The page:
EUROPE – The EU’s One Health zoonosis report published by the European Food Safety Authority (EFSA) and the European Centre for Disease Prevention and Control (ECDC) has revealed an increase in reported cases of zoonotic diseases and foodborne outbreaks in 2021 compared to the previous year.
However, according to the report, the levels are still much below those of the pre-pandemic years.
The COVID-19 control measures, which were still in effect in 2021, are likely responsible for the overall decline in reported cases and outbreaks compared to pre-pandemic years.
The number of yersiniosis cases and foodborne listeriosis outbreaks, which went above pre-pandemic levels, are two of the few exceptions.
Salmonella was the leading cause of foodborne outbreaks, making up 19.3% (773) of the total.
Foodborne outbreaks are instances where at least two people get sick from the same contaminated food, as opposed to generally reported disease cases.
Eggs, egg products, and “mixed foods,” or meals made up of multiple items, were the most frequent causes of salmonellosis outbreaks.
The number of outbreaks caused by Listeria monocytogenes (23) was the highest ever recorded. This may be related to the rising use of whole genome sequencing methods, which enables researchers to more accurately identify and characterize outbreaks.
The report also contains all zoonotic disease cases that have been documented, which are not always associated with outbreaks.
Zoonoses are infectious diseases that are transmitted between animals and humans and are caused by harmful microorganisms such as bacteria, viruses, fungi and parasites.
People may be infected by zoonotic microorganisms through direct contact with infected animals, indirect contact with the environment, and objects (fomites) or surfaces that have been contaminated by zoonotic agents.
Other sources of infection include contact with, or bites from, arthropod vectors (vector-borne diseases) or consumption of foodstuffs, including water, contaminated by zoonotic agents (foodborne and waterborne diseases).
The most often reported zoonotic disease is still campylobacteriosis, with 127,840 cases recorded in 2021 as opposed to 120,946 in 2020.
The most popular type of meat was that from chickens and turkeys, as shown in the report.
In contrast to 52,702 in 2020, salmonellosis was the second-most commonly reported zoonotic disease, affecting 60,050 individuals.
One of the most efficient strategies to lessen the burden of human illness is to control the prevalence of zoonotic microorganisms in food-producing animals.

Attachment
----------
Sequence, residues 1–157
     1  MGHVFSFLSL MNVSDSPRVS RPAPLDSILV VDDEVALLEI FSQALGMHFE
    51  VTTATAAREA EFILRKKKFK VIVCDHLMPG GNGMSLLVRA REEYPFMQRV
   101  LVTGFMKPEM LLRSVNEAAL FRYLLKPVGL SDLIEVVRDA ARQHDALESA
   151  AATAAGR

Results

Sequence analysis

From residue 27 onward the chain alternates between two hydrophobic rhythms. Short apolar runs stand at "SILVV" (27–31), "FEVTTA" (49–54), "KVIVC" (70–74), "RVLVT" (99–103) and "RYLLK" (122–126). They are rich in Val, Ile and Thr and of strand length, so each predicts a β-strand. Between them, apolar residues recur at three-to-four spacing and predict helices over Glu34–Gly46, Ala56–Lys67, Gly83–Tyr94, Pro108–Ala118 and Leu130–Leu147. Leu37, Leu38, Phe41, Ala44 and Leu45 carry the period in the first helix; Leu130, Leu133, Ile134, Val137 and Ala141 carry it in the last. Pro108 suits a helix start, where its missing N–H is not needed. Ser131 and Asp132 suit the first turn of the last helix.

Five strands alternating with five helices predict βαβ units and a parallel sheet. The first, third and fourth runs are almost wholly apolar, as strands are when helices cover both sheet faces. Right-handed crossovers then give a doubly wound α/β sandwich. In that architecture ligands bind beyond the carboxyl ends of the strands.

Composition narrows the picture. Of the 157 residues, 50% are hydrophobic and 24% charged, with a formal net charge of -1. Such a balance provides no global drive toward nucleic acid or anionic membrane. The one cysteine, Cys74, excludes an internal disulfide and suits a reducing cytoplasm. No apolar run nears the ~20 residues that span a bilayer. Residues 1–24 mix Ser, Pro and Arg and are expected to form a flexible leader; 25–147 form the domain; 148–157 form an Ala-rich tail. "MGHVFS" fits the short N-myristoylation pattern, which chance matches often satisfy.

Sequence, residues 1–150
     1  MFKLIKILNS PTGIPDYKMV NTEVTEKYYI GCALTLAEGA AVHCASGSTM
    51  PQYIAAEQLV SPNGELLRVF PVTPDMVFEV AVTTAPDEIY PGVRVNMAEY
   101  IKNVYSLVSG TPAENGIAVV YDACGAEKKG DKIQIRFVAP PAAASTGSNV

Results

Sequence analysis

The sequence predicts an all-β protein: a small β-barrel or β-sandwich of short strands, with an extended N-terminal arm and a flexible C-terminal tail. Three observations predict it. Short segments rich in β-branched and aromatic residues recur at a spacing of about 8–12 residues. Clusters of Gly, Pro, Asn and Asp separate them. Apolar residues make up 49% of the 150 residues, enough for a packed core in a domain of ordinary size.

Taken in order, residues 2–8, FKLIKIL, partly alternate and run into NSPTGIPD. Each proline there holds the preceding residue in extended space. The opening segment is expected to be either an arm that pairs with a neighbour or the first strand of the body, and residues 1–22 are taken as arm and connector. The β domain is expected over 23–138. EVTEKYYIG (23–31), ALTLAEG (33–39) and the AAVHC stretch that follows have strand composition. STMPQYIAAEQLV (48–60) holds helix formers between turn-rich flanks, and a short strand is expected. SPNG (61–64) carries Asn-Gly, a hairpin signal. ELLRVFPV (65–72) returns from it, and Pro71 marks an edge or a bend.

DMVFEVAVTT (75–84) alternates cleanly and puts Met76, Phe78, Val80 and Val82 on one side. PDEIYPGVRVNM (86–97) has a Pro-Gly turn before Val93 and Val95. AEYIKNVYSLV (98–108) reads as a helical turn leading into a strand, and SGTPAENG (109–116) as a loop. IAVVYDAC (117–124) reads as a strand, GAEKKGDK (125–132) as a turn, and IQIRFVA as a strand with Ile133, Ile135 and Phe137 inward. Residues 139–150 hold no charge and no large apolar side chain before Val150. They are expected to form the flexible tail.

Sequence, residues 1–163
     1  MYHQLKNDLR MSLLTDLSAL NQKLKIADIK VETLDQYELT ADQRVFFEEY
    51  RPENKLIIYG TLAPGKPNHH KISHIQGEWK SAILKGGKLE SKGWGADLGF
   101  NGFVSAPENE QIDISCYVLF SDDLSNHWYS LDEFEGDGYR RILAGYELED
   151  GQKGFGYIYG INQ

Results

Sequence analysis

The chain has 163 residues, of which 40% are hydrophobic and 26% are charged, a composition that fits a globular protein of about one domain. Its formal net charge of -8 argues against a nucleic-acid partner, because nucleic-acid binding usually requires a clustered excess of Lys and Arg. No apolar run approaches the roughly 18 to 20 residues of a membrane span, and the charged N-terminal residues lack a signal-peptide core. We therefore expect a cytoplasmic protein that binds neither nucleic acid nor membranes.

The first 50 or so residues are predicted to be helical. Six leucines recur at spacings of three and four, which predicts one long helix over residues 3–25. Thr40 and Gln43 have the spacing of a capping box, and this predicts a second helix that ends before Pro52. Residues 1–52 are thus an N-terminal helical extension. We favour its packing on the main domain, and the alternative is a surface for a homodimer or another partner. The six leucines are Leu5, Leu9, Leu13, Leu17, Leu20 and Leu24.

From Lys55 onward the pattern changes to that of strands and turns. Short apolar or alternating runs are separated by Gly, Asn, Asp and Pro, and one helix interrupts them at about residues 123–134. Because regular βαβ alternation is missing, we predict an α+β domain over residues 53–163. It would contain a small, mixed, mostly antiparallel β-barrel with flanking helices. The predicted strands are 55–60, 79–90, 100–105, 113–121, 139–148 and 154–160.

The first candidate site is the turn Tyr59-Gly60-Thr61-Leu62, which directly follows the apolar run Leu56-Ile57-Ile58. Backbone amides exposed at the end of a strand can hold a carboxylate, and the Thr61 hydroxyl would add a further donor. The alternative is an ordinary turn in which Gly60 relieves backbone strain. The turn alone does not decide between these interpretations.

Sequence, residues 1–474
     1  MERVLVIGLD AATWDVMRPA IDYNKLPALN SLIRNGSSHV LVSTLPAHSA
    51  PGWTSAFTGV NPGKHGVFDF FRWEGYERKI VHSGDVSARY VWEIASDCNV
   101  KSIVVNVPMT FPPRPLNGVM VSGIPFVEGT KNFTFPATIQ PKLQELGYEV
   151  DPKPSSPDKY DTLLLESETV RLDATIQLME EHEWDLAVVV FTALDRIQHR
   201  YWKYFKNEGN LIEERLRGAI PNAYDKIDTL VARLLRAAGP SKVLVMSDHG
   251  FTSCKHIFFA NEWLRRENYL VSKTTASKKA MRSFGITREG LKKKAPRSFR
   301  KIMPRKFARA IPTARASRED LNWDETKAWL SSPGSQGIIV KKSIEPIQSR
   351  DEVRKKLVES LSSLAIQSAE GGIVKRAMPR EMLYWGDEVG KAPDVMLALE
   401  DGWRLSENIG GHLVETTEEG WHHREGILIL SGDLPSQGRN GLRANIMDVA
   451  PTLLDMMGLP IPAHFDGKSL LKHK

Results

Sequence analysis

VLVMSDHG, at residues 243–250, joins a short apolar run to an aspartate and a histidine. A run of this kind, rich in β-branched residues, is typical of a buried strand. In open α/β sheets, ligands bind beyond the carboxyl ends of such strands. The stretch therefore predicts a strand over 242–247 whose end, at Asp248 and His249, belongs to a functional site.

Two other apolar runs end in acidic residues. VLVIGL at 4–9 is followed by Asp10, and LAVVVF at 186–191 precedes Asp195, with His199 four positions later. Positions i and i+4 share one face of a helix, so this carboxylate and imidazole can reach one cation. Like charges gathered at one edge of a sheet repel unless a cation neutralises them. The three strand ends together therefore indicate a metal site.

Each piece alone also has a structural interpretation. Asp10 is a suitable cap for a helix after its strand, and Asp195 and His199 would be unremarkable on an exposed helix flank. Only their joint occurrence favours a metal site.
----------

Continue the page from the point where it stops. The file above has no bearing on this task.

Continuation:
In poultry populations (breeding hens, laying hens, broilers, and fattening and breeding turkeys), national Salmonella control programs have been in place for a number of years.
These programs aim to lower the prevalence of the Salmonella serovars—subgroups with shared distinctive surface structures—that account for the vast majority of human cases.
The reduction in Salmonella prevalence for the pertinent serovars in particular poultry populations was one of the specified aims for 2021, and it was accomplished by 16 Member States and the United Kingdom (Northern Ireland).
For the specified poultry populations, trends in the prevalence of flocks harboring the Salmonella target serovar have remained comparatively steady in the EU in recent years.
A relatively small percentage (0.23%) of Salmonella-positive units were discovered for 2021 in the category of “ready-to-eat” food samples, with the greatest percentages of positive samples being reported for “meat and meat products from pigs” (0.82%) and “spices and herbs” (0.72%).
Listeria (6,084 cases), yersiniosis (6,789 cases), and infections caused by E. coli that produce shigatoxin were the most frequently reported illnesses (2,183 cases).
Yersiniosis, an illness caused by Y. enterocolitica (or Y. pseudotuberculosis) and typically linked to consuming undercooked pork or vegetables, was the third most frequently reported zoonosis in humans in 2021.
In terms of reported instances, Yersinia infection was followed by listeriosis brought on by L. monocytogenes and infections with Shiga toxin-producing Escherichia coli (STEC).
Both agents have the potential to cause serious and even deadly foodborne infections, particularly in high-risk population segments like the elderly, children, pregnant women, and immunocompromised people.
In 2021, West Nile virus and L. monocytogenes infections caused the highest rates of hospitalizations and fatalities among infected individuals, making them the two most serious zoonoses.
Data on “ready-to-eat” (RTE) foods show that L. monocytogenes contamination, when present, typically remained within the authorized limits.
Every year, the ECDC and EFSA collect data from the EU Member States and other European countries on zoonotic diseases.
They then conduct an analysis of the information gathered and create an annual report outlining the trends for zoonotic agents in humans, food, and animals as well as their incidence in various sources.
These assessments aim to offer information to policy makers and veterinary and food safety agencies that can be used to plan activities to lessen the burden of disease caused by zoonotic infections and, eventually, the number of human cases.
These data are gathered, examined, and interpreted using a “One Health” approach that integrates human, animal, and environmental health.